But to lead the country, we must continue to push forward. A recent report from Stanford University highlighted K-12 student achievement growth throughout the country and the results are startling. The South, and particularly the Southeast, has not fared well. But in a sea of low to mediocre growth, one specific place on the map stands out as a beacon of progress. That place is Tennessee.

This report has the rest of the country talking and trying to figure out what Tennessee is doing right. I would submit to you it’s not magic dust or rocket science, but rather a lot of people working hard every single day. Tennesseans who have maintained a commitment and willingness to make hard policy decisions around school accountability, and to stick to them when things get tough and critics get loud.

The fact is this: together we have made the right calls, the tough calls, on the policies we’ve pursued. And we now have proof that our decisions were right. Why have other states not experienced the same growth we have? Well, it’s actually a pretty simple answer. Nearly every other state has compromised in some way on the core principles of those policies that have proved to make a difference: high standards, assessments that measure those standards, and educator evaluations tied to those assessments.

We have not compromised. And I’m asking you to stand with me to ensure that we don’t back up now. Not now. Not this year. Not next year. Not ever.

Tennessee can and will lead the nation in education.

But decisions about jobs and education are not made in a vacuum, so we must measure ourselves in a third way. There is no single more important thing the Governor and General Assembly do than put together a state budget. Budget sets policy. So let’s talk about government efficiency.

Coming out of the Great Recession, we had a billion dollar hole in the state budget and a Rainy Day Fund that had served its purpose but was in need of rebuilding. We didn’t just back into lowering taxes in record amounts these last seven years. We had to work for it.

There was a need, and we had the opportunity to drastically overhaul the state’s budget with a new philosophy built around seeking innovation and a commitment to provide the best possible service at the lowest possible cost. Working together, our strong track record of low taxes and low debt now allows us to be the very best stewards of the people’s money.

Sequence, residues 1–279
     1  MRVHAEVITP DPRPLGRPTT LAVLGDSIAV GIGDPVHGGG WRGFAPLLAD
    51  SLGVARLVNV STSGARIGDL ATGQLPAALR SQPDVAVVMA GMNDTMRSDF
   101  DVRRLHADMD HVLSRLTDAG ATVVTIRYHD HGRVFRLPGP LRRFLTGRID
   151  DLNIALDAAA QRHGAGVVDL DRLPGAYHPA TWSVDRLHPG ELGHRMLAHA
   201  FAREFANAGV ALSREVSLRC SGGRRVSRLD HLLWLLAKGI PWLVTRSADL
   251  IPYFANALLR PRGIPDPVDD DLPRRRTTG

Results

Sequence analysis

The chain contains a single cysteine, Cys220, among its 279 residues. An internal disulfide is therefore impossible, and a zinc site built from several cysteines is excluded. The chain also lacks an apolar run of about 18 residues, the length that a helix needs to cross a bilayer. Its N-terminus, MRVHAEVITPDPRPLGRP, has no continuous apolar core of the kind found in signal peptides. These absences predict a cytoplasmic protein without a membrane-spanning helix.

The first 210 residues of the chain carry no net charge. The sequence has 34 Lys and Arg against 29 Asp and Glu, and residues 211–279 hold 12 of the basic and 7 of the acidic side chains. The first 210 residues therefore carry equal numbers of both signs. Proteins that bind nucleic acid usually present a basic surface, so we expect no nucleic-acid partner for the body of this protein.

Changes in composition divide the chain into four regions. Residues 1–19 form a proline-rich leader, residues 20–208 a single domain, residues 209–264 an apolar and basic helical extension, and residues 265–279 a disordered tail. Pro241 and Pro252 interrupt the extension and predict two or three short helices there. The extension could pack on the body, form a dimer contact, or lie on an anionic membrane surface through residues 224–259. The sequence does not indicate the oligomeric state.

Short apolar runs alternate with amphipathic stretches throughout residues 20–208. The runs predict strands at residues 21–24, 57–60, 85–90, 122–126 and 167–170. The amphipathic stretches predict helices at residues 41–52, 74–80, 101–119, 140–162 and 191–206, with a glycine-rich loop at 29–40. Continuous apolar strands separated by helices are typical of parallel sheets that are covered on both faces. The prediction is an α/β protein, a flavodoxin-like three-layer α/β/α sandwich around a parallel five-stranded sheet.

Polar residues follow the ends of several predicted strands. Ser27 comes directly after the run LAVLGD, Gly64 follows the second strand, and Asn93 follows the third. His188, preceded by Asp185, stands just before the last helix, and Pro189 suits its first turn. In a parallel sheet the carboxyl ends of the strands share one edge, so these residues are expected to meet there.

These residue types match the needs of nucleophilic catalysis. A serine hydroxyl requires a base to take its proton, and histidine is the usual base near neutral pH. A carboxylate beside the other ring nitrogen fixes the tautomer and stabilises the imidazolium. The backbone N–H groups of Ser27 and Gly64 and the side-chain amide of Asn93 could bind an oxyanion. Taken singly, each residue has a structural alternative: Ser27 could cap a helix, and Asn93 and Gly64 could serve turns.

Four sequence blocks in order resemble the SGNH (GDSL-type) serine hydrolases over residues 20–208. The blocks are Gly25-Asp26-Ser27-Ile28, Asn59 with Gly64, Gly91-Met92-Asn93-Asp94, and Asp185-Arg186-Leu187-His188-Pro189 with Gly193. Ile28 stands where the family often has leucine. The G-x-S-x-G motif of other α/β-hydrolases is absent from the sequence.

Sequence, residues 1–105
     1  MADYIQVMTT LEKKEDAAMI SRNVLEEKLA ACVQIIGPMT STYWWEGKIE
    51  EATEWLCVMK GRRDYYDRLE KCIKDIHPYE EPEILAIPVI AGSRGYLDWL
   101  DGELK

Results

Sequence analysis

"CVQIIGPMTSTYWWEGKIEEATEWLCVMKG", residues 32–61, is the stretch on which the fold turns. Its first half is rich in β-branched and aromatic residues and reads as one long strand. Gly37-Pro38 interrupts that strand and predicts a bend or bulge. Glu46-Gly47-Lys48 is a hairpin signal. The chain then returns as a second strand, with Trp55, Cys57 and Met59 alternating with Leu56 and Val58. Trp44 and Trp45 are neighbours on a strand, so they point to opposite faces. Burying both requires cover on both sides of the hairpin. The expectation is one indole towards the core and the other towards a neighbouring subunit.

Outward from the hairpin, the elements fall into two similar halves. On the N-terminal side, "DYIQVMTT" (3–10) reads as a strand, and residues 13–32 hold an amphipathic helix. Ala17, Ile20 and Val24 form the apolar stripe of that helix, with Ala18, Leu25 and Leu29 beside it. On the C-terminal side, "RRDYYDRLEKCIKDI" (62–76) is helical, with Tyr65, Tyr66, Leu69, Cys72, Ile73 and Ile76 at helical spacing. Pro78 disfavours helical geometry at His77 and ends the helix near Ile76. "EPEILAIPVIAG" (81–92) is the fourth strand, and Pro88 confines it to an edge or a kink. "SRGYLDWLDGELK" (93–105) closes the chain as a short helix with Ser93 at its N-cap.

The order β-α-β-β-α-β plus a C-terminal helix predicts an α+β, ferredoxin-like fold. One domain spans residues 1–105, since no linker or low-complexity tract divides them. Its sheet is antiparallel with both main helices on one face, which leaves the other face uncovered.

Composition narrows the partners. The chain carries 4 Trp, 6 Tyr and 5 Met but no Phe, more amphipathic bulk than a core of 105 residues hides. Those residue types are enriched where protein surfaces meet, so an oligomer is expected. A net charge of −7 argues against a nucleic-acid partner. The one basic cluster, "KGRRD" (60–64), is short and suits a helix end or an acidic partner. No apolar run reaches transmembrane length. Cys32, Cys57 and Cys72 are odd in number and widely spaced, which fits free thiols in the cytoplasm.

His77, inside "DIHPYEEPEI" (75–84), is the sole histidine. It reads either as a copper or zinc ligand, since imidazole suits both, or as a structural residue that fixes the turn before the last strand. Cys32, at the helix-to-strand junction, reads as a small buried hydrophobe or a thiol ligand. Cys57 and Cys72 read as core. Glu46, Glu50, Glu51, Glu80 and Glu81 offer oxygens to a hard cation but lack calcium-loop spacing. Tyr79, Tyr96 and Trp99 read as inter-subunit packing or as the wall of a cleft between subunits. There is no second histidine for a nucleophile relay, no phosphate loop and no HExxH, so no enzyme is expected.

For decades, employment decisions in state government were based solely on seniority with no consideration of job performance, while employees either received modest, across the board pay increases, or nothing at all. That is not a good way to motivate our employees or serve our taxpayers.

I’ve said it before and I’ll say it again: the team with the best players wins. State government’s role is to provide services that Tennesseans aren’t able to get on their own. Great employees make sure we’re providing those services in the most customer focused and effective way.

The TEAM Act changed how we hire, evaluate, and reward state employees. It delivers what hard working employees deserve and what taxpayers expect. And both are seeing the benefits. Tennessee state employees, on average today, make $10,000 more than they did seven years ago. No other administration or General Assembly in history has worked as hard to fairly compensate our team members as we have.

I want to take this opportunity to thank our Cabinet for their outstanding work. They have taken a customer focused approach to leading and serving. We put in place a performance management system, where leadership is held accountable for great service delivery. They have taken tourism to new levels, deployed troops all over the world, served our veterans honorably, protected us, improved health care, led safe prisons, built better roads, focused on our children and other vulnerable citizens, settled decades old lawsuits that had cost us billions of dollars, and I could keep going all night. Please join me in thanking them for their great work.